Component Properties VS Variants

Can somebody explain the main PROs for neu Component Properties?

  1. Bullean - its simply delete function. I have used the “eye” symbol on layers panel in the past. So this is not such a win in functionality.
  2. Instance Swap - its a simply component swap which we had before. So this function is not a win either.
  3. Text - its the same thing if you type inside a Text-Element.

So every new function of this new “component properties” doesnt bring so much productivity. Or can somebody explain a real advantage of this new feature?


That one is even more frustrating. I have created new Variant and have typed wrong name. I still get the message on the right panel, that some namings are wrong, but i cant see where the problem ist (with Variants in the past, you could see the wrong namings on the sidebar).

So now i have to go manually to the Layer-Panel, finde out which one of them has incorrect name and then rename it.

Well, for me the real advantage is to be able to surface component swap so now I can change an icon without drilling down the button

Show/hide works both ways, have you noticed? You can hide element with a toggle or you can use del key to do the same. A component will uncheck the toggle automatically so this way it becomes more predictable and reliable. Before that change you could have the icon set visible in the properties, but not visible in your design because you deleted it manually.


I’m still learning about this feature but so far have found it valuable for design system maintenance and usability. The booleans are good because to a design system user who is using my Button component, they don’t have to dig through the layers panel to understand what is included in the component and what it can do. With instance swapping, designers would previously have to select the icon instance within the button, and then find the instance swap menu (I have found that this is not always intuitive to people who are at different comfort levels with Figma). Now the icon control is surfaced at the top level of the component.

These properties seem to provide a clearer interface for what the component can and can’t do. And it does this while reducing the number of variants I have to maintain for most of the components in our system.

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Boolean by itself is pretty powerful, we went from 160 variants down to 80 just by a simple “on/off”. No need to dig into layers, turning the wrong thing off, and the REAL value is for dev hand-off since they treat the icon on/off as a boolean property as well.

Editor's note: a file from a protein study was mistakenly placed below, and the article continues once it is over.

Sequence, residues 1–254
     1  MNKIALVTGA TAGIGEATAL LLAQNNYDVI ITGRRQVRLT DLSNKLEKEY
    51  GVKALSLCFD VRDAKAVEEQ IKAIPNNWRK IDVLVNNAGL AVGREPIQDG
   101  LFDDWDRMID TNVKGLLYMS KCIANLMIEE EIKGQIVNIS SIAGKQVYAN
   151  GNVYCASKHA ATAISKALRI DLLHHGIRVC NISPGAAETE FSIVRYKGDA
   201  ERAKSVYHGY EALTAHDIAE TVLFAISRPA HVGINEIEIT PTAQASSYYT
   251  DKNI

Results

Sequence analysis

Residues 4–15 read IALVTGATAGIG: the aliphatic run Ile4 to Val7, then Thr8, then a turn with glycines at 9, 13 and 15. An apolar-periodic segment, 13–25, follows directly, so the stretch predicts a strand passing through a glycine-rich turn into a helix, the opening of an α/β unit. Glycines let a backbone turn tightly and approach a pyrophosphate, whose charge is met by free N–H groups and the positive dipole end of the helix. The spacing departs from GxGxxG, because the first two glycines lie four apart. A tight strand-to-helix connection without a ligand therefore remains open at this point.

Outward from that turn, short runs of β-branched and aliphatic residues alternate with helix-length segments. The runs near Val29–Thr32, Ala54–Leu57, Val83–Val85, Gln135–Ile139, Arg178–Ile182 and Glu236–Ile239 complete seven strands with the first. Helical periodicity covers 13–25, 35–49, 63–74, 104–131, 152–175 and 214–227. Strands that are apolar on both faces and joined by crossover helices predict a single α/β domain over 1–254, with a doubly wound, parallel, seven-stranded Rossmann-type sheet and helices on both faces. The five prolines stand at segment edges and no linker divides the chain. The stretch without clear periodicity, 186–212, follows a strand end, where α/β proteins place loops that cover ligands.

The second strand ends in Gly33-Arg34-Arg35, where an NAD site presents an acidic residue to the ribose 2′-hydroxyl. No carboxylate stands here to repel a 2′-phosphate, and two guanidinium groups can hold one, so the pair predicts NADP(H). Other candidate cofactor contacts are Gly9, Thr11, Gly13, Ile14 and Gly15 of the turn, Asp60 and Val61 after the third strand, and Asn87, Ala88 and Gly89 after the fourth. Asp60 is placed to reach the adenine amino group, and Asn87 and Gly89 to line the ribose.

Instance swap is handy for making switching icons a lot quicker (again, without needing to “dig” into a component). This is also useful with large design teams so we can surface as much as possible to the components panel and not needing to remember what can be swapped and what requires opening up the component.

Seems in your particular case you don’t need these options. They’re a great addition for my team though, working so closely with devs and a design system it’s going to make their lives easier and implementation faster. :smile:


Good point. So its more like for bigger teams who work together in one project/library. My colleagues don’t have to know how the library is build and how the layers were structured. They just can choose the right property on the property window. Make sence.

Thank you

As @Lino_Ramirez says, the biggest advantage I see so far is the boolean - if it works (I’m still trying to figure out how to use it) The idea is that if you hava button with icons left and right, then you only need to create hover variants once and not x3 times. Besides that I see no real value in the other options.

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As previous messages said, imo perks of this new features are limited to:

  • Surfacing instance swap (ok, cool)
  • Surfacing toggles and reducing variant numbers. This is nice but it creates new properties (for an icon, you now need the toggle property AND the swap property). It is also limited to situations where your element can be on and off in every variant. Let me take the canonical button example: if there’s no way you’re allowed to have a button with a right AND a left icon in your Design System (only left OR right), you can’t use properties, because it will allow such a combination. Creating the right variants is the only way.
  • Text property is useless imo. Situation where you need to batch edit labels are rare, and plugins like Find / Focus helped with that pretty well already. Maybe for Sketch users it’s a nice addition :innocent:

In general I don’t think component properties like these are the right way to go for Figma. They should focus on the “Variant” way of working, with conditional properties, cascading properties, and surface control for all children properties.


This all has to do with abstraction. Instead of having to dive into a component to update a node, you can just edit the property at the component surface.

If you have multiple text nodes that all have the same content (say, between variants), then you only need to edit the text in 1 place (component surface) and it will update all linked text nodes, etc.

I’m sure we will have a new plugins that will allow us to bulk edit text properties in no time. So I’m not worried about that.

I guess they could have added enum as a choice but it would defeat the purpose of variants at that point.

Good discussion. huge information .

This thread is very helpful, I’ve also added my button refactoring result there: Component properties and their implications on base component workflow - #14 by Don_Lu

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how do you deal with existing components?
especially with all instances using the redundant variants ?

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